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This question already has an answer here:

Suppose a stock allows a geometric Brownian motion in a Black-Scholes world. Develop an expression for the price of an option that pays $S^2 - K$ if $S^2 > K$ and zero otherwise. What PDE will this option satisfy?

We have $$dS_t = \mu S_tdt + \sigma S_t dW_t$$ and $F_T(t) = e^{r(T-t)}S_t$. I am lost where to go, unless we are in the risk-neutral measure world I can go on to show that

$$dF_T(t) = \sigma F_T(t)dW_t$$

But I cannot follow Joshi's solution to this, any suggestions are appreciated. The suggested post for pricing the square or nothing option does not seem the same as what I am asking for here.

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marked as duplicate by LocalVolatility, JejeBelfort, Helin, chollida, amdopt Jan 31 '18 at 14:53

This question has been asked before and already has an answer. If those answers do not fully address your question, please ask a new question.

  • $\begingroup$ You asked a very closely related question before: quant.stackexchange.com/questions/31512. You wanted to know what the differential of $X_t = S_t^2$ is. It was shown that $X$ follows a geometric Brownian motion (GBM) $\mathrm{d}X_t = \alpha X_t \mathrm{d}_t + \beta X_t \mathrm{d}W_t$ where $\alpha = 2 r + \sigma^2$ and $\beta = 2 \sigma^2$. From standard Black/Scholes you know how to value an option on a GBM asset. Also, see this question: quant.stackexchange.com/questions/26240. $\endgroup$ – LocalVolatility Jan 18 '18 at 22:16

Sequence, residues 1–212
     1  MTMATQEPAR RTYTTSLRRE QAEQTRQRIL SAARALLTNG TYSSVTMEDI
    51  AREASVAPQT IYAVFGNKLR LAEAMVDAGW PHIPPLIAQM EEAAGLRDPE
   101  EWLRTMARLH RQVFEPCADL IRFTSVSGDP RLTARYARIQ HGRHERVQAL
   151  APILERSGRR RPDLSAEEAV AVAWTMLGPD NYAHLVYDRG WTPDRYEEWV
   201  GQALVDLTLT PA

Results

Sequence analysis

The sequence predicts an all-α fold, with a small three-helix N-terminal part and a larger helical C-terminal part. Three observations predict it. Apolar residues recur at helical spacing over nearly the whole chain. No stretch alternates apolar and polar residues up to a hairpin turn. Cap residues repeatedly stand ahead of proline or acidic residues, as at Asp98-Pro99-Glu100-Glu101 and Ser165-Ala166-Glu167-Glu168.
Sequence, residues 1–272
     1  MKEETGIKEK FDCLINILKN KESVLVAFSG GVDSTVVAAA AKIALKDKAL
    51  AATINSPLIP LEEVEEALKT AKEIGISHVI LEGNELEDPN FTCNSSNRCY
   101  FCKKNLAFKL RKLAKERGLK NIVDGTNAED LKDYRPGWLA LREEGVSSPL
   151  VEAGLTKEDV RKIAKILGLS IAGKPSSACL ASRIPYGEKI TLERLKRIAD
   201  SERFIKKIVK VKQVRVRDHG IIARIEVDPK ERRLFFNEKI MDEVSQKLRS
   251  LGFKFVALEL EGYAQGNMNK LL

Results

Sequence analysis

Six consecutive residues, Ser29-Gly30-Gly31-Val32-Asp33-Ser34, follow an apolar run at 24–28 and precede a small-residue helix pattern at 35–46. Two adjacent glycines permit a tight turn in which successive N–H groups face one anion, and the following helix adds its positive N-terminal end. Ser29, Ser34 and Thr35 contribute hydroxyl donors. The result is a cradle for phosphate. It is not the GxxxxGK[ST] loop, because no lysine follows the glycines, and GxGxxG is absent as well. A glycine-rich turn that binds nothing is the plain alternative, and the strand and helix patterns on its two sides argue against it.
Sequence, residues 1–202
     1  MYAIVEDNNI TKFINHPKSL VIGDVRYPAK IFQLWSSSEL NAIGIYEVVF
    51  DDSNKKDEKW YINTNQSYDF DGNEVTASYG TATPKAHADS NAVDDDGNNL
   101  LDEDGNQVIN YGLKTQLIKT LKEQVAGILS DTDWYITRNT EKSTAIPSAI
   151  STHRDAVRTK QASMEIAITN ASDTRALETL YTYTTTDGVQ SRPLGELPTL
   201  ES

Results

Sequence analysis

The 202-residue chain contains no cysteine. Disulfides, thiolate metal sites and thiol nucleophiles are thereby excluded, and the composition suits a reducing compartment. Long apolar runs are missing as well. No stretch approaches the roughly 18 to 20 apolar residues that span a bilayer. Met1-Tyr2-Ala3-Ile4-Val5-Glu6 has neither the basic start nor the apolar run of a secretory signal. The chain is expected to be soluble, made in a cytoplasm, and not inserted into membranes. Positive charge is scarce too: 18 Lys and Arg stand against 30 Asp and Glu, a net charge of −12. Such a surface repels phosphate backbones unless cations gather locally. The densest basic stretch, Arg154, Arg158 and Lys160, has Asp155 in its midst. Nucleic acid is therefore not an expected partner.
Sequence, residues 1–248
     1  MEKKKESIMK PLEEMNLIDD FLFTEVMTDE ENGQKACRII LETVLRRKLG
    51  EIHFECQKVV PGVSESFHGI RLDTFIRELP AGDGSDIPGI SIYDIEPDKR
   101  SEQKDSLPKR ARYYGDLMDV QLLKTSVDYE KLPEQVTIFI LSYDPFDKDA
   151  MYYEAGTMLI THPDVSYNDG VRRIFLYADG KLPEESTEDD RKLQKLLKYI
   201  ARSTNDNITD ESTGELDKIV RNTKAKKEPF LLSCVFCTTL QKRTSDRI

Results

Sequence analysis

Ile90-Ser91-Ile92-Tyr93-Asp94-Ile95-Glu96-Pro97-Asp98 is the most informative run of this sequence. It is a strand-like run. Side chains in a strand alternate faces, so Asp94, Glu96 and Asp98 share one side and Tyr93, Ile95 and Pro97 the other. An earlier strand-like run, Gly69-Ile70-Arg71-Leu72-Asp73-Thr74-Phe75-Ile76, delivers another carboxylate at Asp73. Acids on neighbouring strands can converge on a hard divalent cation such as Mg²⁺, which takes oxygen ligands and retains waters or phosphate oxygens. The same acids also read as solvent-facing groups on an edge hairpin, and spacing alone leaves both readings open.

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I don't have Joshi's book with me. But I guess you can use Feynman-Kac, right?

It says if X(t) follows the stochastic differential equation:

$dX(u) = \beta(u, X(u))du + \gamma(u, X(u))dW(u)$

and $g(t,x) = E^{t,x}[e^{-r(T-t)}h(X(T))]$, then $g(t,x)$ follows:

$g_t(t,x) + \beta(t, x) g_x(t, x) + \frac{1}{2}\gamma^2(t,x)g_{xx}(t,x) = rf(t,x)$

One way is that you can solve the above PDE with the terminal condition $g(T,x) = (x^2-K)^+$.

Alternatively, I can rewrite $g(t,x)$ as a function of $x^2$:

$g(t,x) = E^{t,S^2}[e^{-r(T-t)}(S^2-K)^+] = E^{t,x}[e^{-r(T-t)}(x-K)^+]$ where $x = S^2$. Then I only need to figure out what's the SDE for $S^2$, which is:

$d(S^2) = 2SdS + dS^2 = 2S^2(\mu + \frac{1}{2}\sigma^2)dt+\sigma S^2dW_t$

With $x = S^2$, the above SDE becomes:

$dx = 2x(\mu + \frac{1}{2}\sigma^2)dt+\sigma xdW_t\Rightarrow \frac{dx}{x} = 2(\mu + \frac{1}{2}\sigma^2)dt+\sigma dW_t$

Then the PDE becomes:

$g_t(t,x) + 2(\mu + \frac{1}{2}\sigma^2)x g_x(t, x) + \frac{1}{2}\sigma^2 x^2 g_{xx}(t,x) = rf(t,x)$

So it's the same PDE as Black-Scholes but with different $\mu$ and $\sigma$. Does it make sense?

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